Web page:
A 5-year-old boy was taken to the hospital Wednesday after a coyote bit him several times outside a nature museum in Lincoln Park, CBS Chicago reports. Police said the boy was near the Peggy Notebaert Nature Museum when a coyote bit him "multiple times" around 4 p.m.
A Fire Department spokesman said the boy was bitten on the head and was taken to Lurie Children's Hospital to be treated. His condition was stable, according to police.
After the attack, the coyote took off running north. CBS Chicago reported the coyote was still on the loose Wednesday night. Police drove squad cars along the running paths in the park of Lincoln Park with their spotlights shining.
One officer said over police radio that he planned to reach out to the nearby Lincoln Park Zoo to find out if anyone on staff there would ensnare the coyote. Meanwhile, Chicago Animal Care and Control officials confirmed two animal control officers were responding to the incident.
About half an hour before the attack, Twitter user Xime Mendez sent CBS Chicago a video of a limping coyote walking down the sidewalk just blocks from the museum.
In recent days, several coyotes have been spotted walking the streets of Chicago. While attacks on people are extremely rare, dogs have been targets.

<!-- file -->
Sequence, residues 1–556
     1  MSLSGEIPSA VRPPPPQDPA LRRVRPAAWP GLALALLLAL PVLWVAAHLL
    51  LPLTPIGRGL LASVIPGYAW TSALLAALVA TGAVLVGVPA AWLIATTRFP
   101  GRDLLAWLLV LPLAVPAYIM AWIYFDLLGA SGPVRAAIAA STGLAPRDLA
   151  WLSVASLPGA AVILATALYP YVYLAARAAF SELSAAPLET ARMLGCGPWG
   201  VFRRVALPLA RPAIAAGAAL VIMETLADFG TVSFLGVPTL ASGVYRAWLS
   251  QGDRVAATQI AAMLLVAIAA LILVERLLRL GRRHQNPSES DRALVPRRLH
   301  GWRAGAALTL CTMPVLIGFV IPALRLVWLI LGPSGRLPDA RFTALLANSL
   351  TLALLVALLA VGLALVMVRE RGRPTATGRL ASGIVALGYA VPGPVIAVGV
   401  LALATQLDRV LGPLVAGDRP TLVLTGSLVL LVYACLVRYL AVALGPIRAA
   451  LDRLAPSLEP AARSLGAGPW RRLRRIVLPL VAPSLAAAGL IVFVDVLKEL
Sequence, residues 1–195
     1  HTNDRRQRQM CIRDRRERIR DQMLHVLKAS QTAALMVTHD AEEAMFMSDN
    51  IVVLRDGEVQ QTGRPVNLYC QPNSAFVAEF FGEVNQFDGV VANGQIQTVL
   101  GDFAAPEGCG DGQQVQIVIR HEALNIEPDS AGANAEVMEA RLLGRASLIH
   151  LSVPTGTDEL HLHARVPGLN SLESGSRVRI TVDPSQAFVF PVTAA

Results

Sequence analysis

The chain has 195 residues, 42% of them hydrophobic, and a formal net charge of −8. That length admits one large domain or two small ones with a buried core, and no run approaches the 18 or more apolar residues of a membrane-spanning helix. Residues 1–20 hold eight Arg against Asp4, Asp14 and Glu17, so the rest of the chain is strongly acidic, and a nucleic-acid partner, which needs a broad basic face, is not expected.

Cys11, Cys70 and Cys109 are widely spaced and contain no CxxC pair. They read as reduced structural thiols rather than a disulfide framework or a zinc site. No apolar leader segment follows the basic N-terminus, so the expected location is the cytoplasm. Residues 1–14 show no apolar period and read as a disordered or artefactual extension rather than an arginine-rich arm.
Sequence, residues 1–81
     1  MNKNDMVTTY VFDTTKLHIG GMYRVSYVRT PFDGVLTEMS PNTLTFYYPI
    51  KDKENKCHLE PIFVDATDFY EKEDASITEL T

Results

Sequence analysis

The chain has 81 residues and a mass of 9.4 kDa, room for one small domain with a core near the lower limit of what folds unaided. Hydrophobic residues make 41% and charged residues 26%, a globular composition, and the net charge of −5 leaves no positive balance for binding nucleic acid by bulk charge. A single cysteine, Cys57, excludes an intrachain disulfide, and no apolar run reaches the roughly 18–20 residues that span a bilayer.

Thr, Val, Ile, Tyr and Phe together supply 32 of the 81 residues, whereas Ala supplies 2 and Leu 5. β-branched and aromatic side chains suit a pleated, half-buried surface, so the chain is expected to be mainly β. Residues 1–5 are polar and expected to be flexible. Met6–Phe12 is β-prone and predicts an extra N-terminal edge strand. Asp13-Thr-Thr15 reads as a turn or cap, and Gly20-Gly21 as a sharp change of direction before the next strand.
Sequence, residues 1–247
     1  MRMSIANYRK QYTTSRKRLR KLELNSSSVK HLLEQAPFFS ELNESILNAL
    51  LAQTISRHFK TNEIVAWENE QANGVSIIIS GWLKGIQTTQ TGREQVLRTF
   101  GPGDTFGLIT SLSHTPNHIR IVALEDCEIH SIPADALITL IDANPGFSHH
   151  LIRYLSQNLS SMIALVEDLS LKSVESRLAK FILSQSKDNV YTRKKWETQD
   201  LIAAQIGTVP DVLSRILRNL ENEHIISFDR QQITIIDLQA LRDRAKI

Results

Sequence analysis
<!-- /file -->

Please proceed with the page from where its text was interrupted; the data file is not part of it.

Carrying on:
A little more than a week ago in Old Town, a 5-pound toy poodle puppy naked Ki-Ki barely survived a coyote mauling. The night before, a Schnauzer named Missy was attacked in the Cabrini Rowhouses.
Another coyote spent more than four hours in a yard near North and Clybourn avenues and was caught on video howling. It was one of at least 10 reports of coyotes phoned into Chicago Animal Care and Control in the past week.
Experts say coyotes have found ways to adapt to city life because there is food for them in the city such as rodents.
"In general, coyotes are adapting to cities. They're doing better and better over time as they learn how to make use of these urban landscapes that we've created," said Seth Magle of the Lincoln Park Zoo's Urban Wildlife Institute. "I feel confident in saying I think that their numbers are generally on the upswing."
The Humane Society advises that if you see a coyote, you should not run or turn your back. You should instead shout or throw something in the coyote's direction, in what is called hazing.
If the coyote does not respond to hazing, it may have been fed by someone or found trash left out. Use caution, as the coyote could be aggressive.